So to clarify, my UMCS (Unified Method Call Syntax) proposal from the other thread is that when resolving the compiler fails to find any inherent or trait impls (including with deref…) then it will try resolve it as a free function fun(recv, args..) instead.

The standard method syntax being:

  1. method –

The following syntaxes are also added atop of the method syntax (and thus works for normal methods as well…):

  1. path – recv.path::to::fun(args..)
  2. trait – recv.<Type as Trait>(args..).

We then have the following legal call syntaxes:

// Function syntax:
fun(recv, args..)
Type::fun(recv, args..)
<Type as Trait>::fun(recv, args..) // UFCS

// Method syntax:
recv.<Type as Trait>::fun(args..) // UMCS

All of inherent, trait, and free functions can now be called using function syntax and method syntax.

This change requires zero intervention in user code and will just start working for all existing Rust code.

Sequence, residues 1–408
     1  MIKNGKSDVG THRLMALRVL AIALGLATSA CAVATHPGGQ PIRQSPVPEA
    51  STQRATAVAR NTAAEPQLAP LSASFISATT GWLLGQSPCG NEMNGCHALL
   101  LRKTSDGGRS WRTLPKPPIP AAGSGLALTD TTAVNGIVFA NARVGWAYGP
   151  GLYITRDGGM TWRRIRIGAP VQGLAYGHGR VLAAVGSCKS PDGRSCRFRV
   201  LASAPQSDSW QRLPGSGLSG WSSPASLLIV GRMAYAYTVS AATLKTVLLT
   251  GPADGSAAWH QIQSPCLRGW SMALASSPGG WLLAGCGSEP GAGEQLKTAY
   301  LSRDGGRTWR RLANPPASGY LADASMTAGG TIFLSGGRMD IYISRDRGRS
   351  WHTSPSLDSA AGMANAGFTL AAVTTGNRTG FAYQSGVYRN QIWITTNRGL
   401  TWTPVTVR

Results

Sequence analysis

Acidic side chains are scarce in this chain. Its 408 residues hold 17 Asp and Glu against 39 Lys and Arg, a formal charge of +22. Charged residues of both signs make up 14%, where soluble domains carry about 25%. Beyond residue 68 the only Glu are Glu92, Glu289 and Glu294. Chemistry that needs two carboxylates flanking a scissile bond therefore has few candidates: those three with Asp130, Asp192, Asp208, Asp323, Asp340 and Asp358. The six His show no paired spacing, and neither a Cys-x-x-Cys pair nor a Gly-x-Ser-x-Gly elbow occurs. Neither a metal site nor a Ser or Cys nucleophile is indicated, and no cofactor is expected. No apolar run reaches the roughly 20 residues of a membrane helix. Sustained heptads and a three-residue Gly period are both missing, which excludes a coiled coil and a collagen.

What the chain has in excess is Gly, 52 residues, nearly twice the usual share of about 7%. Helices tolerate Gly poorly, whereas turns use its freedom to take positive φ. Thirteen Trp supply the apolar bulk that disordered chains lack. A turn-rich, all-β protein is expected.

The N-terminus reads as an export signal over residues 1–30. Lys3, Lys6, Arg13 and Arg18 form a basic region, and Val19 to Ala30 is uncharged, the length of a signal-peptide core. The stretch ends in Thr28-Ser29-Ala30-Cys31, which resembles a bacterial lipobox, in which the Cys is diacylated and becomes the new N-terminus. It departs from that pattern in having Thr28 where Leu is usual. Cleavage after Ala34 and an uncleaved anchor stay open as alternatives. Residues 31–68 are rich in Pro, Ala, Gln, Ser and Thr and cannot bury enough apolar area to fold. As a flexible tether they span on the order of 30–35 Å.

We then have macros mac!(recv, args..) and recv.mac!(args..) per Josh’s proposal.


Bikeshed alert: if there was a special operator for macros (I’m not sure about that), I think it should contain !, as that one is associated with macros, while |> looks a bit alien (Invokes a shell-prompt association with me). So I’d prefer something like .! (if I write !( ), I call a macro, if I do .!, I method a macro ‒ and the ! is at the macro side). In other words, when choosing if the syntax should look similar to some language that already has such operator, or look similar to Rust constructs, I think the Rust constructs are better. But that’s personal preference.

As for UMCS ‒ it looks interesting and indeed unifying and I that sense I like it. It would make extention traits for one type obsolete. But I wonder what the effect on readability could be and if it could produce some surprises ‒ any way to find out?

And, all hail ().Ok() :innocent:



|> is used in several functional languages (F# and Elixir) as a pipe forward operator, which does pretty much what the same thing as what this idea is trying to say,